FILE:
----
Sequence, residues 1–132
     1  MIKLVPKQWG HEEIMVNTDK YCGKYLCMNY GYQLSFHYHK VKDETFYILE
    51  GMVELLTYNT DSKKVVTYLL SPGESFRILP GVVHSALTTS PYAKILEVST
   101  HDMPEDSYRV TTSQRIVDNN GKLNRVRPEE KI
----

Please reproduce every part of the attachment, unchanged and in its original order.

Sequence, residues 1–132
     1  MIKLVPKQWG HEEIMVNTDK YCGKYLCMNY GYQLSFHYHK VKDETFYILE
    51  GMVELLTYNT DSKKVVTYLL SPGESFRILP GVVHSALTTS PYAKILEVST
   101  HDMPEDSYRV TTSQRIVDNN GKLNRVRPEE KI